On Thursday, DPS completed laying out a grid, much like at an archaeological site.

Meanwhile, two more survivors of the inferno appeared at hearings in Waco federal court, as more details emerged about the last minutes inside the Branch Davidian compound.

Renos Avraam was ordered held as a material witness after a brief appearance before U.S. Magistrate Dennis Green.

A scheduled hearing for Derek Lovelock was postponed a week at the request of his attorney, Don Ervin, who only took the case Wednesday at the request of Houston attorney Dick DeGuerin.

Avraam’s lawyer, Dick Kettler, said his client jumped from a second-floor window near the front door of the compound and said the fire that engulfed the building seemed “instantaneous.”

Kettler said Avraam told him he and a group of men and women – no children – were in a dark hallway when black, choking smoke came billowing down the hallway.

“They didn’t have time to escape. The fire was just too fast, too rapid,” Kettler told reporters outside the courthouse. “You couldn’t see your hand in front of your face, and people got disoriented.

“The indication I got was that he went out immediately. If he had stayed another second, he wouldn’t have gotten out,” Kettler said.

Kettler said he didn’t know, other than the wind, what could have spread the fire so rapidly. However, he did note that the Branch Davidians had placed bales of hay around windows and doors to stop bullets.

“I blame the FBI,” Avraam told reporters as he walked in chains from his hearing to a van taking him back to jail. “I was shown the Seven Seals clearly by David Koresh.”

Both Kettler and Ervin told reporters their clients assured them there was no suicide pact. In fact, both said their clients didn’t even see Howell that day.

“All of the witnesses have said that it was not a suicide pact and that suicide was never discussed,” Ervin said after his client’s hearing. “I think personally in my opinion, you can rule it out.”

Ervin said Lovelock escaped by scrambling through a first floor hole made by a tank.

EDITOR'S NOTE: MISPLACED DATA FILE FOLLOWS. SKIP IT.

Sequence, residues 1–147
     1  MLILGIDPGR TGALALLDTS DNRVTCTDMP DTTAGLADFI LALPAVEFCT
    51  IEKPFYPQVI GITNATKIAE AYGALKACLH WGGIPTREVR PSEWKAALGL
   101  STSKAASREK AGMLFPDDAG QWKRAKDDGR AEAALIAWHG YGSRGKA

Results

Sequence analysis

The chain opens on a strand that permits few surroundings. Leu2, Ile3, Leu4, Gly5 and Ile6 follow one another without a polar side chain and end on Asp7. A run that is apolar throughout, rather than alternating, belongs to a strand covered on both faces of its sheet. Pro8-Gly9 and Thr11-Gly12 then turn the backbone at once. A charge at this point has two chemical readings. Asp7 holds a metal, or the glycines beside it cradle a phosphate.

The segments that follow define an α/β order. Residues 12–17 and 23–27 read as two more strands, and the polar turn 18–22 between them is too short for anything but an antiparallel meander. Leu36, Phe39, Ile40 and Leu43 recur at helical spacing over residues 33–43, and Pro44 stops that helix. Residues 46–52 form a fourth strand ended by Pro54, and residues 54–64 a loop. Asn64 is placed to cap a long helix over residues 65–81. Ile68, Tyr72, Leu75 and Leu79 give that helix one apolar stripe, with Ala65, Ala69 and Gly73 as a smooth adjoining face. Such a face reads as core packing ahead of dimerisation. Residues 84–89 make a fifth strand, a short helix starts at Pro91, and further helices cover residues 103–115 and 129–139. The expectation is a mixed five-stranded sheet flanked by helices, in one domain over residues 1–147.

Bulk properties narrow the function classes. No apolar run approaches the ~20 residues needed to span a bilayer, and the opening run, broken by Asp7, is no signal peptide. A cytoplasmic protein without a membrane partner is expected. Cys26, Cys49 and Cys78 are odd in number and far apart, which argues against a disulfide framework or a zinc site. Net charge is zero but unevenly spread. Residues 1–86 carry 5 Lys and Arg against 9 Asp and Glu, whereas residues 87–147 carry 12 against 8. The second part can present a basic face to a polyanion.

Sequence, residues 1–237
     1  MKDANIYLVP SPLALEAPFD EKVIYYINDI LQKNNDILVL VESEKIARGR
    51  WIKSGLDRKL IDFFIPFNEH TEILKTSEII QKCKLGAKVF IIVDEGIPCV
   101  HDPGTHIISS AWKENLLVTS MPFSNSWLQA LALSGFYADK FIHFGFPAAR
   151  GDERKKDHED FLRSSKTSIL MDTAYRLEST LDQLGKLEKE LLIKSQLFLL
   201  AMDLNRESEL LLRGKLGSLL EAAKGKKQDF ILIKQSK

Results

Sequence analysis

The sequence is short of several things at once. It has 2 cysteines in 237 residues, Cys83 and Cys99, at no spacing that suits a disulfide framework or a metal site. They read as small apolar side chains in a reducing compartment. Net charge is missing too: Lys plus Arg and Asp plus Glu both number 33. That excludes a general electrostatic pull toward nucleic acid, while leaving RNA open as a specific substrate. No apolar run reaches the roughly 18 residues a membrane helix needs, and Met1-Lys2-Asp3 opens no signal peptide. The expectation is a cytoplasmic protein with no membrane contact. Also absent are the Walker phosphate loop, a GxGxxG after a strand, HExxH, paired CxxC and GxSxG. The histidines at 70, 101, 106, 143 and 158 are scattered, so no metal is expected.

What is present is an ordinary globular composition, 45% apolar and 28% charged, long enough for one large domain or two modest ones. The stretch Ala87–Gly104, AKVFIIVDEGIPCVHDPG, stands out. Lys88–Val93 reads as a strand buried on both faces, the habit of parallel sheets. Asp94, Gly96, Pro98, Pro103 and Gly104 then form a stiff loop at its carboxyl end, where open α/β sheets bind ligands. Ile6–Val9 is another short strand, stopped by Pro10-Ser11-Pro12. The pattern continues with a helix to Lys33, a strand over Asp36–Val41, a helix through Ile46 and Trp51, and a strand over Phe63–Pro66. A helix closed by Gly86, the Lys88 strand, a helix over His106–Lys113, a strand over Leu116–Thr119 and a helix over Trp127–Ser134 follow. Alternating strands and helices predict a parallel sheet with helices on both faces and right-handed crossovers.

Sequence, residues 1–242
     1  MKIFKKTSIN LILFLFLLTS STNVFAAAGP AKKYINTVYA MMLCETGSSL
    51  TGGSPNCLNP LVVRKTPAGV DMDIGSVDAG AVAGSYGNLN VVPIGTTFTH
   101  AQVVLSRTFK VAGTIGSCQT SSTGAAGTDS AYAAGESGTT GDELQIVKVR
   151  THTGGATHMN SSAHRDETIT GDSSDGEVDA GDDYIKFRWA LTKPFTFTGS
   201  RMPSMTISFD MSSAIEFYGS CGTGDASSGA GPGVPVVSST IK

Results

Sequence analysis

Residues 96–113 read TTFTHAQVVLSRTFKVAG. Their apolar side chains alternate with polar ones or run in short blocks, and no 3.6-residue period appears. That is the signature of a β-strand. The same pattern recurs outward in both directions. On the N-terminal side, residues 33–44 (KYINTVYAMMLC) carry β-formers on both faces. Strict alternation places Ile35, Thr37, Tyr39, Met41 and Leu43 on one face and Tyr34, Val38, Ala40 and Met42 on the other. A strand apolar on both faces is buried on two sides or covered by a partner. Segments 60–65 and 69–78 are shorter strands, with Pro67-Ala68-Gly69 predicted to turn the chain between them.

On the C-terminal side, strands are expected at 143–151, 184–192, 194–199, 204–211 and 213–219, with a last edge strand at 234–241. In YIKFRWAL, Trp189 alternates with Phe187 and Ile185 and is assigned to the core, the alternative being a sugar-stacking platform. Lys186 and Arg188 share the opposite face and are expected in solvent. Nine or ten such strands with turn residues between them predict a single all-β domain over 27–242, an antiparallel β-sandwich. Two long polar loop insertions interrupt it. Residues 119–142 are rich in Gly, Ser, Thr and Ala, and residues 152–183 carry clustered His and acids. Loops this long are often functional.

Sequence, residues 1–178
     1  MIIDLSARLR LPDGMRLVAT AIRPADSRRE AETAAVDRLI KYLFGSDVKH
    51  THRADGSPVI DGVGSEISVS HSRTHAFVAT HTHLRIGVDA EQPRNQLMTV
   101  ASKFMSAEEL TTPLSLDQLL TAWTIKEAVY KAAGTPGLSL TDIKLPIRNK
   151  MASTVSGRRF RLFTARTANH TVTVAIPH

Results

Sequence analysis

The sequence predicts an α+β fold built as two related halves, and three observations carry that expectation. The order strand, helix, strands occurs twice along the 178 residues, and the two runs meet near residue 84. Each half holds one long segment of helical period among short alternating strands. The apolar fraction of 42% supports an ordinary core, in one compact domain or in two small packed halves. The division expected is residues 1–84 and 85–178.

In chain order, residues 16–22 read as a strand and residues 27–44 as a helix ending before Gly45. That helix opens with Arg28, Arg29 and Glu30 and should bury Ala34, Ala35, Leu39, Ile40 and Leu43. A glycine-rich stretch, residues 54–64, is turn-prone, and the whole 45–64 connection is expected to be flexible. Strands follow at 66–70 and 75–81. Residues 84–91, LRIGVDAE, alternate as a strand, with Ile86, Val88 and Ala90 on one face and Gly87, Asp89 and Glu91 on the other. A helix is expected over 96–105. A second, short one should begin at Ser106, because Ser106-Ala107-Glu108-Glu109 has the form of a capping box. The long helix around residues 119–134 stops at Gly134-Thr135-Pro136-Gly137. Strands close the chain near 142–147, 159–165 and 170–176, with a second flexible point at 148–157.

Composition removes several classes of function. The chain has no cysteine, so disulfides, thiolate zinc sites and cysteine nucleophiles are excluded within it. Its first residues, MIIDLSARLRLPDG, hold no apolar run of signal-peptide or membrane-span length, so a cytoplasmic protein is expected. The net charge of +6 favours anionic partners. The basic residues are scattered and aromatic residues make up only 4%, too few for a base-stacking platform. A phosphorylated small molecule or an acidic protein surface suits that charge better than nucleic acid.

Thursday’s hearing was attended by Lovelock’s father … a retired Manchester resident, and brothers Kevin and Lorenzo Lovelock.

Two men who got past FBI lines during the standoff were released this week from jail.

Louis Alaniz, 24, of Houston was released from McLennan County Jail Tuesday afternoon after posting bond. He was charged with interfering with the duties of a police officer. The material witness charge was dropped.

Jesse Amen of California also was released from jail Tuesday afternoon after posting bond. He was charged with interfering with the duties of a police officer.

But nine foreign cult members now face additional obstacles to getting out of jail. The U.S. Immigration and Naturalization Service has filed detention documents to keep them in jail for violating their temporary visas.

The nine include fire survivors Graeme Craddock, 31; Lovelock, 37, and Avraam.

Tribune-Herald staff writer Drew Parma and the Associated Press contributed to this story.

Read the Tribune-Herald's 7-part investigative series on the inner workings of the Branch Davidians. Hours after Part Two appeared in print, the ATF raided the group's compound.

Read the Tribune-Herald’s account of the ATF raid on the Branch Davidian compound on Feb. 28, 1993. Four ATF agents and six in the compound were killed in the gunfight.

Read the daily news accounts of the 51-day siege at the Branch Davidian compound near Elk, which began Feb. 28 and lasted until April.

Read the accounts of April 19 and beyond: FBI agents began inserting canisters of tear gas into the Branch Davidian compound in the early morning hours. By noon, it was on fire.